Failure is Imminent
Dry stack, or groutless stone veneers are becoming very popular. However, I often seem them installed poorly, and not according to the manufactuers recommendations.
In the photo on the left you, see the underlayment (blue) and and the scratch coat. In the photo on the right, you can see the scratch coat is still exposed. Also worth noting is that the installers did not use stones designed for use at the corners. The poor installation would also make me wonder what other corners they cut. Did they install 2 layers of WRB? Did they use galvanized hardware? Did they fully back butter the stones? These things are not observeable during a typical home inspection.
A dry stack installation does not use grout between the joints. Before the stones are pressed into place, the entire back of the stone must be “buttered” with mortar. As the stone is pressed into place, the mortar needs to squeeze out around the entire permiter of the stone. This ensures that no moisture can penetrate behind the stone. The stones need to be fitted tightly and the scratch coat (and definitely the underlayment) should not be visible after the installation is completed.
Look at the big whiter stone in the photo on the right. It sticks out past the small one above it. As water hits it, it may be channeled to the triangle gap on the right. The stones do not appear to have been back buttered appropriately. The water may make its way behind the stones and get trapped. If the temperature drops, and the water freezes, the expansive forces will disbond the stones.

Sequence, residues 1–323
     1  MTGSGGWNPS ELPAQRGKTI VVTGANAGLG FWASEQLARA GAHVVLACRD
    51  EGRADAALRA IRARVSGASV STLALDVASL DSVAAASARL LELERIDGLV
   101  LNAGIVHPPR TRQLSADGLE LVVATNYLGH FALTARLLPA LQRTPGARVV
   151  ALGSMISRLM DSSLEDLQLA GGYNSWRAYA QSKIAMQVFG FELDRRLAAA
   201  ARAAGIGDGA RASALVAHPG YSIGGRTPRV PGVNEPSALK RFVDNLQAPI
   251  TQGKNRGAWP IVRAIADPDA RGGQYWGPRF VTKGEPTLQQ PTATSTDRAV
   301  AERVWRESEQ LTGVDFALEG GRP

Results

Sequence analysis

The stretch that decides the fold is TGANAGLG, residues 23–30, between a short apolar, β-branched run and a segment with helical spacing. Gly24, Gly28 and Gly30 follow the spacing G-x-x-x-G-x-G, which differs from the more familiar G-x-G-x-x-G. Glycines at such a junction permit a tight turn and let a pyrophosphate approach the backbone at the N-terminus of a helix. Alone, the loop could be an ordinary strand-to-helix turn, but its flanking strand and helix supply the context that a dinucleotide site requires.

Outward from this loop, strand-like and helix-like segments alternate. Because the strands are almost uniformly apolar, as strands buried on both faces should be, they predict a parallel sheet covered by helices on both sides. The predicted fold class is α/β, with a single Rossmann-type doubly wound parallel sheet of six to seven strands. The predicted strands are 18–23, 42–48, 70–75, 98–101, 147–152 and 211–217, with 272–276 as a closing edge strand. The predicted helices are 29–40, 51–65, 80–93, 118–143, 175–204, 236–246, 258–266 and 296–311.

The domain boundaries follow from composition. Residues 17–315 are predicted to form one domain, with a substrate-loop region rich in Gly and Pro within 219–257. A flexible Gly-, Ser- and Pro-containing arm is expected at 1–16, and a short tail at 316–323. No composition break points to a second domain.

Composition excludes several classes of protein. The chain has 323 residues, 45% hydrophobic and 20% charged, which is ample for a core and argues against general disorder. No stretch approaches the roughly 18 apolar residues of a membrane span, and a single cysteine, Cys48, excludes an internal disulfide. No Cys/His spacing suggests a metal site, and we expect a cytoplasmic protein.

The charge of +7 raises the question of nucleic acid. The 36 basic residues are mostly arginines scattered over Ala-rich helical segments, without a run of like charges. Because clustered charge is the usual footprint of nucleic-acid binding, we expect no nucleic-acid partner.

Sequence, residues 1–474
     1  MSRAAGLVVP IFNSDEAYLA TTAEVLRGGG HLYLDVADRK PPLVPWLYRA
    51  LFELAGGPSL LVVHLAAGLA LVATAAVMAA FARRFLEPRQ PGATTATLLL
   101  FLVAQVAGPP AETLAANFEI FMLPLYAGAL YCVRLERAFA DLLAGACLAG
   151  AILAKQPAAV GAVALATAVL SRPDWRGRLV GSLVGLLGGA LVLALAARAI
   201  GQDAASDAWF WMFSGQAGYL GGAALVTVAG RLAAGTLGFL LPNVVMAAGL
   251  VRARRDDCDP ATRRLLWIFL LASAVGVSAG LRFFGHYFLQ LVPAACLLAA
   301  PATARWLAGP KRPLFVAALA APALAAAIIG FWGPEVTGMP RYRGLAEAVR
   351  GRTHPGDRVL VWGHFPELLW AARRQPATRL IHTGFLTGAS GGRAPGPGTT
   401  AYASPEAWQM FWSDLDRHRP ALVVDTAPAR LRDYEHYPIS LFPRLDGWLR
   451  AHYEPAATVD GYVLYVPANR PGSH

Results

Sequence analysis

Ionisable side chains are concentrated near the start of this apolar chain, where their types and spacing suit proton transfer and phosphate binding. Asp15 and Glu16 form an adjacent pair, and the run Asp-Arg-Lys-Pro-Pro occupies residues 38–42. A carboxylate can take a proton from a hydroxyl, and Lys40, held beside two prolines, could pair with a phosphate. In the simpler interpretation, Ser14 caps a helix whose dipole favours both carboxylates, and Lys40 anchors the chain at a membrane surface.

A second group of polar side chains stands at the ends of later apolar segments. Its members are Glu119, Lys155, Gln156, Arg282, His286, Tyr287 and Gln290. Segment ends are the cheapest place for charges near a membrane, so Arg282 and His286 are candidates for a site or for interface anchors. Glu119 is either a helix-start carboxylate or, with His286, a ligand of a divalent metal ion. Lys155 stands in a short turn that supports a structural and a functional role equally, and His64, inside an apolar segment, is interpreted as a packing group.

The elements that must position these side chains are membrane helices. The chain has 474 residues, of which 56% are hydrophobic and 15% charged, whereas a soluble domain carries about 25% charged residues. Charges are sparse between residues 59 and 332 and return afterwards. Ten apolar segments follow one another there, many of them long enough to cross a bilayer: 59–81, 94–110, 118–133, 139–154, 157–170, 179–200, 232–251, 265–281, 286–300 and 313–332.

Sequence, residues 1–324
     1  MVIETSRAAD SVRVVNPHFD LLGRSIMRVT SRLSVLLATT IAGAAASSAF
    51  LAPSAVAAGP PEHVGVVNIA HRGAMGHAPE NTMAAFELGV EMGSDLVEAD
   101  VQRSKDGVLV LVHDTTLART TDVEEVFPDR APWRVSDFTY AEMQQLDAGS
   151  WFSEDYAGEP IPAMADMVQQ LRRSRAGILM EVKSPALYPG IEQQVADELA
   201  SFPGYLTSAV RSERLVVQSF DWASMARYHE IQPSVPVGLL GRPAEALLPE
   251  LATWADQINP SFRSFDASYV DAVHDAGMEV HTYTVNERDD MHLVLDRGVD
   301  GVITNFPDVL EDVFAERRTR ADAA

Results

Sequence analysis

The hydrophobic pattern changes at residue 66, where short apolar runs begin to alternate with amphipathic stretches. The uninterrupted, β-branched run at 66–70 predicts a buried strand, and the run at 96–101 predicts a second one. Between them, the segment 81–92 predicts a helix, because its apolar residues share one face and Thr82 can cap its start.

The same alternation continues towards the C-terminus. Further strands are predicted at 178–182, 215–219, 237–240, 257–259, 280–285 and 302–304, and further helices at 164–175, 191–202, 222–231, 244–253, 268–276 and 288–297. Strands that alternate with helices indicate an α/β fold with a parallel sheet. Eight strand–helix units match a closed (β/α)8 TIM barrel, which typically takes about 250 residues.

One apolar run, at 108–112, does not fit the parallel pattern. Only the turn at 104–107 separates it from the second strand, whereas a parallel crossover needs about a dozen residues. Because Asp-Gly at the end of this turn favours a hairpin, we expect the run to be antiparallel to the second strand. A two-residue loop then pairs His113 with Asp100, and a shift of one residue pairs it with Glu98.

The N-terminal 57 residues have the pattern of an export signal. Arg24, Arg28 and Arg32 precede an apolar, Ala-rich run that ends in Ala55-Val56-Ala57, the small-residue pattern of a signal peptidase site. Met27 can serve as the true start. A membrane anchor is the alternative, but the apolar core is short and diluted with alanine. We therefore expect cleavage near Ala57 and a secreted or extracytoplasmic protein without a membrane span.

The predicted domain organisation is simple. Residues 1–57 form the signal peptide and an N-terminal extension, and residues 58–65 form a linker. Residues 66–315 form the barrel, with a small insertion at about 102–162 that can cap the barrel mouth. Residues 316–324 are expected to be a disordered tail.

In this photo on the left you can see a better installation.
The installer probably took the time to lay these stones on the floor first to ensure that they would fit tightly. You don’t see any large gaps. The quality of the installation would lead me to believe that the installer did everything correctly that you can’t see once the installation is finished such as 2 layers of WRB, lathe installed correctly, galvanized hardware, and fully buttering the stone.
A dry stack installation takes time and pride in a job well done. Unfortunately, we don’t see it very often.
Leave a ReplyWant to join the discussion?
Feel free to contribute!